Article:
At a remote processing plant called He Jiao Mu Qu, in nearby Guyan county, workers showed me around what must be one of the most toxic factory floors anywhere. They earn relatively high salaries - 1,600 yuan (£145) a month for removing rare-earth from rocks.
Inside the factory, boiling sulphuric acid flows in open trenches and boiling yellow lava spews out of kilns at the end of rotating steel pipes. The sulphur-filled air stings the eyes and burns the lungs. Workers' clothes were peppered with acid burns.
'We start out with uniforms but they soon get burnt away by the acid,' I was told by one worker whose trousers were a honeycomb of acid burns. 'They give us gloves and masks. But the masks don't do much. I have trouble breathing at the end of every 12-hour shift.'
Heavy duty: 170-ton trucks carry away the blasted rock from Baiyun Obo mine
Another worker, Guo Fu Qiang, said: 'The money is quite good. But our boss doesn't pay us anything extra for working in the summer heat or freezing winters, and none of us has accident insurance.'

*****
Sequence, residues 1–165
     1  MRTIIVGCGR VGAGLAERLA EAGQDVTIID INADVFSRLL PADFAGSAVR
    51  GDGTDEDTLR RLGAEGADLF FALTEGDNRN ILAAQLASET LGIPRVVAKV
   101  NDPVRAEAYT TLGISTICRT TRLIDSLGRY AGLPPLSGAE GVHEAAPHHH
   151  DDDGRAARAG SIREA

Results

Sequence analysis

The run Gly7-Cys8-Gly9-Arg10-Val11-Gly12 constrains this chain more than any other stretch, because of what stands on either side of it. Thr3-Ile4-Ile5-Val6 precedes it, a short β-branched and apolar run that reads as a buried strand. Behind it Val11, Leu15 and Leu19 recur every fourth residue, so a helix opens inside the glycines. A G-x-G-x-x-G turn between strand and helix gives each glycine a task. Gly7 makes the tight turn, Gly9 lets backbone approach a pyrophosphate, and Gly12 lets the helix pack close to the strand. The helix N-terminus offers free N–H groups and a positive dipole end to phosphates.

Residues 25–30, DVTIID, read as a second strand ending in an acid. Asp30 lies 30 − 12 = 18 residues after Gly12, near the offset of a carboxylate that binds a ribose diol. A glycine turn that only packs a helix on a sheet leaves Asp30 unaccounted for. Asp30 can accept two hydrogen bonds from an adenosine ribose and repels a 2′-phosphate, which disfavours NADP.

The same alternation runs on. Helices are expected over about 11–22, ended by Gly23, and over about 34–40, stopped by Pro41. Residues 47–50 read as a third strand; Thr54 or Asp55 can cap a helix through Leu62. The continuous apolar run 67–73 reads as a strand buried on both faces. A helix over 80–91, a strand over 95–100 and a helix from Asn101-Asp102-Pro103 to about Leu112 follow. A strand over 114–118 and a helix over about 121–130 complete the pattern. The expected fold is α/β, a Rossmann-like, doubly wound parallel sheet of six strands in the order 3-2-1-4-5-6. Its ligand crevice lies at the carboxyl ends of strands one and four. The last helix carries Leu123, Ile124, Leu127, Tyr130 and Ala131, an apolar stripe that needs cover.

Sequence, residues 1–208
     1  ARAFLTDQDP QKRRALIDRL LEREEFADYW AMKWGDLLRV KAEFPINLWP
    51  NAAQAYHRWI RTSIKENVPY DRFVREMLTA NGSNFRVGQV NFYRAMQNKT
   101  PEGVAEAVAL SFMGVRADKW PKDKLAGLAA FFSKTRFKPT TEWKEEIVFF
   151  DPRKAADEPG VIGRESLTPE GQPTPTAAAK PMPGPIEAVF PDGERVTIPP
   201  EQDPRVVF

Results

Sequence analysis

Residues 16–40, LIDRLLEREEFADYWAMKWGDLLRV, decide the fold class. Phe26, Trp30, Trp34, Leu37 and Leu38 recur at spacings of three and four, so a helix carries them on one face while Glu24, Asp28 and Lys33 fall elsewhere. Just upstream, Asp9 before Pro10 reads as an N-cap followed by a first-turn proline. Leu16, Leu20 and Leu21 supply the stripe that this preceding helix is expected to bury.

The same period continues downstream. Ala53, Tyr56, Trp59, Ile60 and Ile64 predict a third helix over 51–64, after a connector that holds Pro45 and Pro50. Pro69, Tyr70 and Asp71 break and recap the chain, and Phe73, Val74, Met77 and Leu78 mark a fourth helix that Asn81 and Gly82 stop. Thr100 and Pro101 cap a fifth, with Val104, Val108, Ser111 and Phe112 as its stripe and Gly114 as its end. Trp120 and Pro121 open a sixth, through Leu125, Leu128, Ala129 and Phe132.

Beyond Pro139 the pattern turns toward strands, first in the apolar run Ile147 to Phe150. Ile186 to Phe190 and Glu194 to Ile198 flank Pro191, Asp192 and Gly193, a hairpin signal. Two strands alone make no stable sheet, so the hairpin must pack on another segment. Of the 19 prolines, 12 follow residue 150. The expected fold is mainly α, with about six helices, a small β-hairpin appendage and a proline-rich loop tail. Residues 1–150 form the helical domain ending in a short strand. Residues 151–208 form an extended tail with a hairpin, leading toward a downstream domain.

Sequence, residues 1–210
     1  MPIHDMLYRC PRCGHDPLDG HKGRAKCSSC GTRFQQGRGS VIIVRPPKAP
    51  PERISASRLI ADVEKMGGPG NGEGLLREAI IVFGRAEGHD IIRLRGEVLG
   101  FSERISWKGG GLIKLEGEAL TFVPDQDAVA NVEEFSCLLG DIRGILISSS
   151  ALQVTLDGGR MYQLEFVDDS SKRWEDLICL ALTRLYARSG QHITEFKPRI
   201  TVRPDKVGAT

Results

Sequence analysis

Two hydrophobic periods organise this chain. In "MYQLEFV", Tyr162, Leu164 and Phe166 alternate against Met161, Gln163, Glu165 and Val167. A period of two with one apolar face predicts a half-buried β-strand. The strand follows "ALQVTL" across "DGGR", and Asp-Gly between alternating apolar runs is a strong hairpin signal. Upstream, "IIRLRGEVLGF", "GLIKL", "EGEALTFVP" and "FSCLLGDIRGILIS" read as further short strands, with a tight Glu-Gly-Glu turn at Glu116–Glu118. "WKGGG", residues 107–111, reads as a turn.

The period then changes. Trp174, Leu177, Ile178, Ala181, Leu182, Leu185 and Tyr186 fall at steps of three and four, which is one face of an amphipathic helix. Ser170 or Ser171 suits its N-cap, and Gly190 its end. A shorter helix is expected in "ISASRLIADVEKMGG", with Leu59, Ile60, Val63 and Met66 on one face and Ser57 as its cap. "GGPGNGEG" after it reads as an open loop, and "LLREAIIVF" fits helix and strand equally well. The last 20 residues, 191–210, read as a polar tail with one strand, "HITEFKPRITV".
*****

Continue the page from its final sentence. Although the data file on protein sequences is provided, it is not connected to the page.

A worker in an adjoining factory warehouse insisted he would never work on the factory floor, however much he was offered. 'It's suicide,' he said. 'If you work in there long enough, you will die of cancer.'
Ironically, as the environment surrounding the mines in Inner Mongolia becomes more poisoned, demand for green technology in the West is driving up demand for rare-earth metals. Worldwide consumption is expected to hit 200,000 tons a year.
China has a virtual monopoly on the market but has been cutting export quotas in each of the past three years, saying it needs rare-earths for its own increasingly hi-tech industrial output and that the West should begin to source its own.
Elements that rule the globe
Rare-earths are so-called because when they were first discovered in the 19th Century in Sweden, they were believed to be some of the most uncommon elements.
But through further scientific discovery, rare-earths have been found to be relatively abundant in the Earth's crust. However, the high cost of extraction means that only areas with rich deposits are worth exploiting.
Rare-earth metals are typically malleable. They also have high electrical conductivity.
They are often extracted from minerals through a process that involves dissolving elements in different liquids - usually water and a solvent.
There are 17 rare-earths and their purposes include being used in shielding for nuclear reactors, fibre optics, flatscreen displays and earthquake monitoring equipment.
One rare-earth, erbium, acts as a natural amplifier so it is used in fibre-optic cables to boost signals. Terbium generates a change in an electrical circuit when the metal is compressed. That is why it is often found in earthquake monitoring devices for detecting movement along fault-lines.